In this paper, we propose a Event-based Double Integral (EDI) model to naturally connect intensity images and event data captured by the event camera, which also takes the blur generation process into account. In this way, our model can be used to not only recover latent sharp images but also reconstruct intermediate frames at high frame-rate. We also propose a simple yet effective method to solve our EDI model. Due to the simplicity of our optimization process, our method is efficient as well. Extensive experiments show that our method can generate high-quality high frame-rate videos efficiently under different conditions, such as low lighting and complex dynamic scenes.
-  P. Bardow, A. J. Davison, and S. Leutenegger. Simultaneous optical flow and intensity estimation from an event camera. In IEEE Conf. Comput. Vis. Pattern Recog. (CVPR), pages 884–892, 2016.
S. Barua, Y. Miyatani, and A. Veeraraghavan.
Direct face detection and video reconstruction from event cameras.In IEEE Winter Conf. Appl. Comput. Vis. (WACV), pages 1–9, 2016.
-  C. Brandli, R. Berner, M. Yang, S.-C. Liu, and T. Delbruck. A 240 180 130 db 3 s latency global shutter spatiotemporal vision sensor. IEEE Journal of Solid-State Circuits, 49(10):2333–2341, 2014.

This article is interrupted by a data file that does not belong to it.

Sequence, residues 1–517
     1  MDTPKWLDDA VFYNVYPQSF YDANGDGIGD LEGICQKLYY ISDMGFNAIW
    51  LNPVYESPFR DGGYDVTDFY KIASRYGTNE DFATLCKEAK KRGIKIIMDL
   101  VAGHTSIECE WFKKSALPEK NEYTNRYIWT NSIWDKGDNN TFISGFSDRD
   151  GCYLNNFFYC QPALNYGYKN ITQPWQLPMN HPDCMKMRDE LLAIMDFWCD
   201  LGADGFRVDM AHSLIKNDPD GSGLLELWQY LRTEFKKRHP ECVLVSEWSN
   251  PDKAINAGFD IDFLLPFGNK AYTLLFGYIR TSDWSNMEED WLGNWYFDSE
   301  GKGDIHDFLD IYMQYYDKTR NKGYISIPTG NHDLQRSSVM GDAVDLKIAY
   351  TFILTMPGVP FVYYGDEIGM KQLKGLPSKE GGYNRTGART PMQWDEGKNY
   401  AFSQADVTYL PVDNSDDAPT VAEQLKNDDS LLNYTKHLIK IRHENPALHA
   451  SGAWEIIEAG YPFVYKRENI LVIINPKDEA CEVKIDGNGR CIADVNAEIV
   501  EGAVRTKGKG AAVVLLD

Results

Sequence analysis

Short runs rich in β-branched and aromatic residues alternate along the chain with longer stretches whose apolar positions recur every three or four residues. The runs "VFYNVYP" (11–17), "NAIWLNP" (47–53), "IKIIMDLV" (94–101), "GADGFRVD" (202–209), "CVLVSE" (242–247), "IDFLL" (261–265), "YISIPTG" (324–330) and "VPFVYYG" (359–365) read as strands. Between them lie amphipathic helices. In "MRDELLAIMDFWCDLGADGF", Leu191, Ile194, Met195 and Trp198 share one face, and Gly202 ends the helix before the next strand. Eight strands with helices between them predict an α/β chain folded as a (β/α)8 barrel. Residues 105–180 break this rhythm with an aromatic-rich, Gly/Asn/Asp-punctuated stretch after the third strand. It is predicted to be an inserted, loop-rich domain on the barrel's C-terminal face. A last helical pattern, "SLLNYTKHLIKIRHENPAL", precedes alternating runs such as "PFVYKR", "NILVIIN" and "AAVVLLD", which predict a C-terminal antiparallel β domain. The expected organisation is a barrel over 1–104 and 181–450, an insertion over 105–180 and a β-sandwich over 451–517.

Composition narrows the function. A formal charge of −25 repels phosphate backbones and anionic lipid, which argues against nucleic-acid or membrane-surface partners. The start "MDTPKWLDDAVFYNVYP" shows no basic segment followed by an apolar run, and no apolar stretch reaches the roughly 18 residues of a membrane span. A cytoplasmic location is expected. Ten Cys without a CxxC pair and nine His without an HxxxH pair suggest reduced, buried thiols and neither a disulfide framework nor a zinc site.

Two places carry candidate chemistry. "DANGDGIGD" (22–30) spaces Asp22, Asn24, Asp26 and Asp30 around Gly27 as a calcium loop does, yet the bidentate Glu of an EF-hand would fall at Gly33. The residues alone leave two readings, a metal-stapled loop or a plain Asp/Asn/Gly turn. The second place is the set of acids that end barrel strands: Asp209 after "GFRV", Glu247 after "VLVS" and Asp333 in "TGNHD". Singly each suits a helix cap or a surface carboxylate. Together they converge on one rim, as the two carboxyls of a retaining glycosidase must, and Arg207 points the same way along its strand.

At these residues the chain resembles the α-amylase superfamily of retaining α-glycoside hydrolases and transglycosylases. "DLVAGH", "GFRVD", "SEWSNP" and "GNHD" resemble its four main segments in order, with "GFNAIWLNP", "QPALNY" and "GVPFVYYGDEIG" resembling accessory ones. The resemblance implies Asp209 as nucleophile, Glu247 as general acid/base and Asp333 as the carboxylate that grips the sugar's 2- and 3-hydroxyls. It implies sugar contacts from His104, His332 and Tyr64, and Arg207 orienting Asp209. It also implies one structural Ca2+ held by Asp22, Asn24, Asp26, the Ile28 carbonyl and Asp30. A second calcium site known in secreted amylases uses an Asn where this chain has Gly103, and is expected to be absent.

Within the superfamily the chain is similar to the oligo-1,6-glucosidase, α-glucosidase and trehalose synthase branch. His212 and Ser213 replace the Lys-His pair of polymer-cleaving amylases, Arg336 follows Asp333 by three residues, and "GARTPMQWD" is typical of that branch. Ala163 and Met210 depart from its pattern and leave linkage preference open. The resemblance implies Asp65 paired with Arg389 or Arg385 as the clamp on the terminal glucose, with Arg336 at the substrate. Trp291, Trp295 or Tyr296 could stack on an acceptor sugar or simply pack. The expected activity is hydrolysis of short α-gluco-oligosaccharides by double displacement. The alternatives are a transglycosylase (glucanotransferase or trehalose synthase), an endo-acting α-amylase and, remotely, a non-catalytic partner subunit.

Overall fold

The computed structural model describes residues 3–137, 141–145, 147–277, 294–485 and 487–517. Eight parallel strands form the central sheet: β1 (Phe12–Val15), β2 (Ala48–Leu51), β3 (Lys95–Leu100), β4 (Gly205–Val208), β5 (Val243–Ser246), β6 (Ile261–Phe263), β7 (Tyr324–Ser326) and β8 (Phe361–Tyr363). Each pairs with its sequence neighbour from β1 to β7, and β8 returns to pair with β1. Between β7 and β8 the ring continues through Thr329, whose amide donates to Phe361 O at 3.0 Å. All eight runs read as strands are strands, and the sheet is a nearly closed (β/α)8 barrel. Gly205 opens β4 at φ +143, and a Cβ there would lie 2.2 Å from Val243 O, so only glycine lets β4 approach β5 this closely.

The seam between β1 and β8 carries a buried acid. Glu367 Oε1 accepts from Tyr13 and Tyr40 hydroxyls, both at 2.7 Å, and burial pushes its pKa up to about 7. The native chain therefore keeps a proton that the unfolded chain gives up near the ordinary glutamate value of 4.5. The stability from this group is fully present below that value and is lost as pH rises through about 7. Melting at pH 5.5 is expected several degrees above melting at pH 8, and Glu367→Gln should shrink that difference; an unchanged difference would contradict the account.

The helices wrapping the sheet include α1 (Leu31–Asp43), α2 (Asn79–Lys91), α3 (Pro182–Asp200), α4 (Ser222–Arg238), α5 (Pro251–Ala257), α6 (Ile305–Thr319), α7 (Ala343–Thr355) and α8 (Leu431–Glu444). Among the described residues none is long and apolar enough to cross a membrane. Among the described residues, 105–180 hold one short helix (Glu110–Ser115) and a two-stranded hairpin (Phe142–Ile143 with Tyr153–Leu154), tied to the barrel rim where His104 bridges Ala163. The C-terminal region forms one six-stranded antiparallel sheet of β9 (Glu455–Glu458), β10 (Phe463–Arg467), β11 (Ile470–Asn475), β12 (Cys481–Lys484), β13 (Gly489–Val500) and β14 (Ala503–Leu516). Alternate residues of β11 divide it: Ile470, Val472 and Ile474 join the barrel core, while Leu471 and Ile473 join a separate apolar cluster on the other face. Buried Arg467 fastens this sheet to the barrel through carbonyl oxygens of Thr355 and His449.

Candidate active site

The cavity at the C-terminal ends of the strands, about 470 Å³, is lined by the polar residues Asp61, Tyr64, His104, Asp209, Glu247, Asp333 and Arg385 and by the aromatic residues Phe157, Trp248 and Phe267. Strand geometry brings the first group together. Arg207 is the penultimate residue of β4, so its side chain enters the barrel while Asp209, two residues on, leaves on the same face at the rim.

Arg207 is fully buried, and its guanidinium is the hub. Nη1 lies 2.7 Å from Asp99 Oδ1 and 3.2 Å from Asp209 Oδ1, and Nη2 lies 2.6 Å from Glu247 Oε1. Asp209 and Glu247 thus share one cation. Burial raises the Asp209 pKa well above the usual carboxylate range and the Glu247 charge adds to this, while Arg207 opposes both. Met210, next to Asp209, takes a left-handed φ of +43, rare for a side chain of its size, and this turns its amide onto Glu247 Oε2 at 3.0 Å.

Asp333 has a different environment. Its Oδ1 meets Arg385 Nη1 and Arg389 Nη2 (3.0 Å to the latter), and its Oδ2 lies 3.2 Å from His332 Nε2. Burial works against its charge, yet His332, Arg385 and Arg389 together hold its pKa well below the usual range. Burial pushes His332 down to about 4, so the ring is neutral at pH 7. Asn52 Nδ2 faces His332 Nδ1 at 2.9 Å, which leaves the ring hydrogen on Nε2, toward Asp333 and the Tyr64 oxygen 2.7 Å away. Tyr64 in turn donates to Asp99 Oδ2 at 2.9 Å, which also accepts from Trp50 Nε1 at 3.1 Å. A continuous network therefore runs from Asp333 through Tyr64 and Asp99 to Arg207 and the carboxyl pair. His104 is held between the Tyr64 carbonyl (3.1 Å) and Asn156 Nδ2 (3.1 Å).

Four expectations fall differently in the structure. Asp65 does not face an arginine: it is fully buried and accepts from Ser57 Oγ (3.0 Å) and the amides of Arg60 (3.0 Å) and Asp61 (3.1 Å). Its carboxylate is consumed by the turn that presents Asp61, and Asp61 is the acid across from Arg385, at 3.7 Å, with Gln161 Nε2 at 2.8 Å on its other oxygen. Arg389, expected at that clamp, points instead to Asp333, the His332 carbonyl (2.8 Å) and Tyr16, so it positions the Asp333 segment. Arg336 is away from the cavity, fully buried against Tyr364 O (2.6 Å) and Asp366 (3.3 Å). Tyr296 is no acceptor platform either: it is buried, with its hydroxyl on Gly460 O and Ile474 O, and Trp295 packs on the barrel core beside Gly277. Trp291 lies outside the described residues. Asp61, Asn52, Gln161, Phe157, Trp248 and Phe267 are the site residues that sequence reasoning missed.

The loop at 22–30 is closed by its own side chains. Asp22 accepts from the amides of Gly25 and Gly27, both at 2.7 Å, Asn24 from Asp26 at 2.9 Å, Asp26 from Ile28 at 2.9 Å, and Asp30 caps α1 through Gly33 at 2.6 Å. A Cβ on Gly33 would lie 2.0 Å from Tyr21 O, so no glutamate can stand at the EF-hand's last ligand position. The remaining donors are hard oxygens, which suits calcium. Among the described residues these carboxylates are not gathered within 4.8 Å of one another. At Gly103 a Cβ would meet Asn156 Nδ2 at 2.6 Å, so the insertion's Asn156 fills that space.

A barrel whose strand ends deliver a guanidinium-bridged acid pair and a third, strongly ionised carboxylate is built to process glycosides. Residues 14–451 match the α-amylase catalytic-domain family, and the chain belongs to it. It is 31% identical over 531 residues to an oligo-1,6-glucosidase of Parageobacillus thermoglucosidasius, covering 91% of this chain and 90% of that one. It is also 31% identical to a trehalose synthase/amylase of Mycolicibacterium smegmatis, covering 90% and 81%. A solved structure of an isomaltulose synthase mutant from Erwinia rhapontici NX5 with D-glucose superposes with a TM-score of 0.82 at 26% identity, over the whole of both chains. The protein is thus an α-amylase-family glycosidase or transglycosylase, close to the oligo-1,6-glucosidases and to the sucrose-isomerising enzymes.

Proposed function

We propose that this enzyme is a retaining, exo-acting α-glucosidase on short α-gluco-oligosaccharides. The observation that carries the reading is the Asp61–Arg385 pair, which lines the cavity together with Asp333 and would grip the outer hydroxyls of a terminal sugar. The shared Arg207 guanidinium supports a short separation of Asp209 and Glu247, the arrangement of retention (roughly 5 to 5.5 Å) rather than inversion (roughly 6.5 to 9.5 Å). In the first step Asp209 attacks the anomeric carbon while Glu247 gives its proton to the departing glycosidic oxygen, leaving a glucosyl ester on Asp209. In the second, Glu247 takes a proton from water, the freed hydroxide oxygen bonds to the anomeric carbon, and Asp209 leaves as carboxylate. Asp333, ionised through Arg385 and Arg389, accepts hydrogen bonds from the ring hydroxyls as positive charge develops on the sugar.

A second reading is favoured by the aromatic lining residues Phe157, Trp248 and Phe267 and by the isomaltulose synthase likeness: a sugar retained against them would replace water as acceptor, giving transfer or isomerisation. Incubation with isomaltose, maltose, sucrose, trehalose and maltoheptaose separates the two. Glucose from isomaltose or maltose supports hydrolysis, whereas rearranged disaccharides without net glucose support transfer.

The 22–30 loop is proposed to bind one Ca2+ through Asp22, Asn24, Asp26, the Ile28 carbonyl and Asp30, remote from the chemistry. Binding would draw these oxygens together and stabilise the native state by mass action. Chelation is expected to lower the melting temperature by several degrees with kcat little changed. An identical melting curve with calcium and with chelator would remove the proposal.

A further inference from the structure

-  C. Brandli, L. Muller, and T. Delbruck. Real-time, high-speed video decompression using a frame- and event-based DAVIS sensor. In IEEE Int. Symp. Circuits Syst. (ISCAS), pages 686–689, June 2014.
-  S. Cho, J. Wang, and S. Lee. Video deblurring for hand-held cameras using patch-based synthesis. ACM Transactions on Graphics (TOG), 31(4):64, 2012.
-  R. A. Dunlap. The golden ratio and Fibonacci numbers. World Scientific, 1997.
-  R. Fergus, B. Singh, A. Hertzmann, S. T. Roweis, and W. T. Freeman. Removing camera shake from a single photograph. ACM Trans. Graph., 25:787–794, 2006.
-  D. Gehrig, H. Rebecq, G. Gallego, and D. Scaramuzza. Asynchronous, photometric feature tracking using events and frames. In Eur. Conf. Comput. Vis. (ECCV), 2018.
-  D. Gong, J. Yang, L. Liu, Y. Zhang, I. Reid, C. Shen, A. van den Hengel, and Q. Shi. From motion blur to motion flow: A deep learning solution for removing heterogeneous motion blur. In IEEE Conf. Comput. Vis. Pattern Recog. (CVPR), pages 2319–2328, 2017.
-  T. Hyun Kim and K. Mu Lee. Generalized video deblurring for dynamic scenes. In IEEE Conf. Comput. Vis. Pattern Recog. (CVPR), pages 5426–5434, 2015.
-  M. Jin, G. Meishvili, and P. Favaro. Learning to extract a video sequence from a single motion-blurred image. In IEEE Conf. Comput. Vis. Pattern Recog. (CVPR), June 2018.
-  H. Kim, A. Handa, R. Benosman, S.-H. Ieng, and A. J. Davison. Simultaneous mosaicing and tracking with an event camera. In British Machine Vis. Conf. (BMVC), 2014.